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    Why, God?

    Today I'm happy to feature guest blogger Laura Murray. Laura is a pastor, mom, wife, writer, speaker, baker, and lover of mountains, sleep, and early mornings. “Why?” It is a question that accompanies our pain and suffering. We believe its answer will satisfy. We believe knowledge will bring salve to our wounds, and understanding the hidden purposes will be sufficient for our pain. Yet answers to “why?” fall short, and knowledge does not heal our pain. Indeed, every answer falls short of healing our pain. Our “whys” are often met with a deafening silence, and we are left to wonder if anyone sees, hears or knows. Are we alone? If humans…

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    Helping Kids Process Traumatic Events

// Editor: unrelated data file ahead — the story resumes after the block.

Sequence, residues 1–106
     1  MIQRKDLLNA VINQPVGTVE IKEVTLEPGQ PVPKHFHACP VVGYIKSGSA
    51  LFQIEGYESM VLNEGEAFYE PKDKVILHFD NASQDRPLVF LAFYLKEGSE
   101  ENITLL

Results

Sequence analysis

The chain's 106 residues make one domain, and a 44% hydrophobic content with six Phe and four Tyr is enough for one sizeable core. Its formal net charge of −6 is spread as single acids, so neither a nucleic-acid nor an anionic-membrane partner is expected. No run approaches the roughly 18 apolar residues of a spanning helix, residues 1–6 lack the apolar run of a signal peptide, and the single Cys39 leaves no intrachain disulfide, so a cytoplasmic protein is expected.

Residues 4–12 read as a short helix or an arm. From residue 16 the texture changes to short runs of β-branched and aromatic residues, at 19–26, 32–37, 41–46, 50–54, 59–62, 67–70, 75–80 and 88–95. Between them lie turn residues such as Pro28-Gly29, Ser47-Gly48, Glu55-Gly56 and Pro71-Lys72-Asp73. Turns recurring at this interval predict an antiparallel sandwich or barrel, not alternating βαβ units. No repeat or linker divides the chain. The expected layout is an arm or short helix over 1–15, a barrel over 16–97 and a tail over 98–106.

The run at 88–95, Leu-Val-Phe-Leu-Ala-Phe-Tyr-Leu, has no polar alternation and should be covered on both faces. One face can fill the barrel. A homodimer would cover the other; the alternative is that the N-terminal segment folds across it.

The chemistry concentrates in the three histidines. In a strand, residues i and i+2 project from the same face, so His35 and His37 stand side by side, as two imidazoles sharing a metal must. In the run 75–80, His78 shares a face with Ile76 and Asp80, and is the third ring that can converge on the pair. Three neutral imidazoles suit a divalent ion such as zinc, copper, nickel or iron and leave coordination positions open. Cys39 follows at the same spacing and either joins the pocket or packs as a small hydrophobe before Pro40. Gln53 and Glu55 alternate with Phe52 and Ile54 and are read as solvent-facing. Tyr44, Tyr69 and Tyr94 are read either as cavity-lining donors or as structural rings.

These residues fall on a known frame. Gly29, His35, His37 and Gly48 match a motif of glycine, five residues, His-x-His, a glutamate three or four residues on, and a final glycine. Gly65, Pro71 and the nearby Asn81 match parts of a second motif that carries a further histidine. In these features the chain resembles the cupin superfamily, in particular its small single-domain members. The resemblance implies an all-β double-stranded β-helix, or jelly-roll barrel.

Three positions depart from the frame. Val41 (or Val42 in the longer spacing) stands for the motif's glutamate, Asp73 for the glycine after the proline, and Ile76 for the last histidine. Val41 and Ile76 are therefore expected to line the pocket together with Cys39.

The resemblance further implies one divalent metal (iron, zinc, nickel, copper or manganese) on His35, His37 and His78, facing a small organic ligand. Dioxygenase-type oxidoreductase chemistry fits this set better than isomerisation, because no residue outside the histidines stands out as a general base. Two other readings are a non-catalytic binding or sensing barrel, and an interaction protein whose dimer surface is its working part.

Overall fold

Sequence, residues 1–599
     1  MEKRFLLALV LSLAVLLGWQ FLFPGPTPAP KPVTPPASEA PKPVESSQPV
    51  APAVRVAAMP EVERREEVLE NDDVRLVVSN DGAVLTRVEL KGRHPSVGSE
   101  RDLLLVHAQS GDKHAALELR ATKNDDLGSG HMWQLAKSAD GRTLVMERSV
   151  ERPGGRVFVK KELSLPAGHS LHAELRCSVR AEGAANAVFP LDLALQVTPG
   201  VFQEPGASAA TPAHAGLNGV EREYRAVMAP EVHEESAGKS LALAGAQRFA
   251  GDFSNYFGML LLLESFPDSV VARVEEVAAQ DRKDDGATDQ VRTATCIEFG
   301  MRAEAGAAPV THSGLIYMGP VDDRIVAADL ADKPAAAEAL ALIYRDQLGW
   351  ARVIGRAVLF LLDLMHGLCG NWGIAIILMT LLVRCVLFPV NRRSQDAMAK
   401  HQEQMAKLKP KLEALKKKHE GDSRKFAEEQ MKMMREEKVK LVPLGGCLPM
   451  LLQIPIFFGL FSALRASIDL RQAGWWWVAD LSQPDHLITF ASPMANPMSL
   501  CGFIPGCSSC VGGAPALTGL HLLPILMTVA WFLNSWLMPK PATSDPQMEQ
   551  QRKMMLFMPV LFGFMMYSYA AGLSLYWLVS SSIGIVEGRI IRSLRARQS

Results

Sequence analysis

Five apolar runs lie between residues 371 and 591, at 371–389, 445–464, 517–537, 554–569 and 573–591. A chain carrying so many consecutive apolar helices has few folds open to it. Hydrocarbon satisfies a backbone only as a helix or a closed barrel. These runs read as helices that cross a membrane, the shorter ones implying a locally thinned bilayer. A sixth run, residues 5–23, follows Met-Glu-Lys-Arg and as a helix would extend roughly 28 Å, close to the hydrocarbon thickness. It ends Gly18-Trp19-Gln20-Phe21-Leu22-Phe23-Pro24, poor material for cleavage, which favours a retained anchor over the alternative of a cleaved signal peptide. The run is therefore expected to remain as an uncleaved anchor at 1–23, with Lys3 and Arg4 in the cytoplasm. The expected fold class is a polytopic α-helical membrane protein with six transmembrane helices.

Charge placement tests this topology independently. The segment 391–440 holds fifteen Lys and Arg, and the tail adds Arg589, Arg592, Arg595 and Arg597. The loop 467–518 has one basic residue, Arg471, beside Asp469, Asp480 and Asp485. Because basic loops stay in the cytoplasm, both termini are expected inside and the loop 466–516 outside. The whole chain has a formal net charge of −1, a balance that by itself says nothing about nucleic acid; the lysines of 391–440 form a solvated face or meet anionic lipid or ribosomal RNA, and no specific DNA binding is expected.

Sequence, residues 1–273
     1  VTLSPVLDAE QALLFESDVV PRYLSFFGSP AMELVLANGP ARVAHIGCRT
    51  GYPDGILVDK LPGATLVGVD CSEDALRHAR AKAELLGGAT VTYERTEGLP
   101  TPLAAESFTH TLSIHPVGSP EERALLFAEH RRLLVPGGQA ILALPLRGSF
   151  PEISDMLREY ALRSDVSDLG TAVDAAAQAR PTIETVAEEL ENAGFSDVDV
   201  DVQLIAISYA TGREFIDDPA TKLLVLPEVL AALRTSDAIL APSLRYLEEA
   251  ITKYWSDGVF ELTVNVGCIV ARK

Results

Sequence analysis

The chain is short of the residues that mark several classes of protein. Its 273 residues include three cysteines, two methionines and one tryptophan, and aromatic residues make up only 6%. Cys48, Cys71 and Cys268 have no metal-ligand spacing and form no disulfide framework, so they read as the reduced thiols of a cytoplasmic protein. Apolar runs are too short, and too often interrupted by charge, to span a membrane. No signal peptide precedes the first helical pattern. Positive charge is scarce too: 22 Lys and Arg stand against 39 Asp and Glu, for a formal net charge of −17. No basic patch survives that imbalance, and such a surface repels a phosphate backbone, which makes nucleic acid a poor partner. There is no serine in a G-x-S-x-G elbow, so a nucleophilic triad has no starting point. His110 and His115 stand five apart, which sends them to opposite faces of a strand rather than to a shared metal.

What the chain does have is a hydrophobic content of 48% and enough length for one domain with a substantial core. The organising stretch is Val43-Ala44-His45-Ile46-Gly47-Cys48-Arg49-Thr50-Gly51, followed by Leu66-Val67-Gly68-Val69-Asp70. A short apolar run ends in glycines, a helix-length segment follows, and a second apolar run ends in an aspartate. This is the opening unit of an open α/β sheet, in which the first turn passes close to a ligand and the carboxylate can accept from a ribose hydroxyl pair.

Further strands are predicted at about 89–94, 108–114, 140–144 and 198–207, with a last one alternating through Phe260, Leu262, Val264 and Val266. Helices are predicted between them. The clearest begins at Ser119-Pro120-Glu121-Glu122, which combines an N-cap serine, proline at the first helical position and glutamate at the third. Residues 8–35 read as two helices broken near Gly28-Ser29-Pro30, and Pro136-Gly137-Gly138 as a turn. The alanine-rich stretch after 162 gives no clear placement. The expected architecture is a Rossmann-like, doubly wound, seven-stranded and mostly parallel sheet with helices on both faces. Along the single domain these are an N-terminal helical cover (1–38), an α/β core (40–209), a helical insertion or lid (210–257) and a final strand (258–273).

Living in an information saturated world means we often get bombarded with news events. I recall crying when I read the news on Sandy Hook and feeling sick to my stomach over the events in Paris. And now, the latest terrorism in Orlando leaves us all stunned—CNN is calling it the “deadliest mass shooting in U.S. history.” How do we respond to such events? And, how do we help our children process difficult news when we struggle to make sense of it ourselves? Be careful of media exposure—Whenever possible, avoid letting children under 5 view any traumatic news. Many psychologists also suggest that children between the age of 6–11 should…

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    A Christmas Lament

       O Come Emmanuel, Day-Spring, come and cheer    Our spirits by thine Advent here    Disperse the gloomy clouds of night    And death’s dark shadows put to flight   In the midst of joy to the world and hark the herald angels sing In the midst of employee seminar/Christmas lunch, taking pictures by the tree, ten minute    break Shots rip flesh and fourteen families apart Blood pooling on the floor, water pouring from fire sprinklers, wails of agony War comes to sleepy San Bernardino, much like it came to Pearl Harbor, seventy-four         years ago today   Much like it came to Bethlehem over…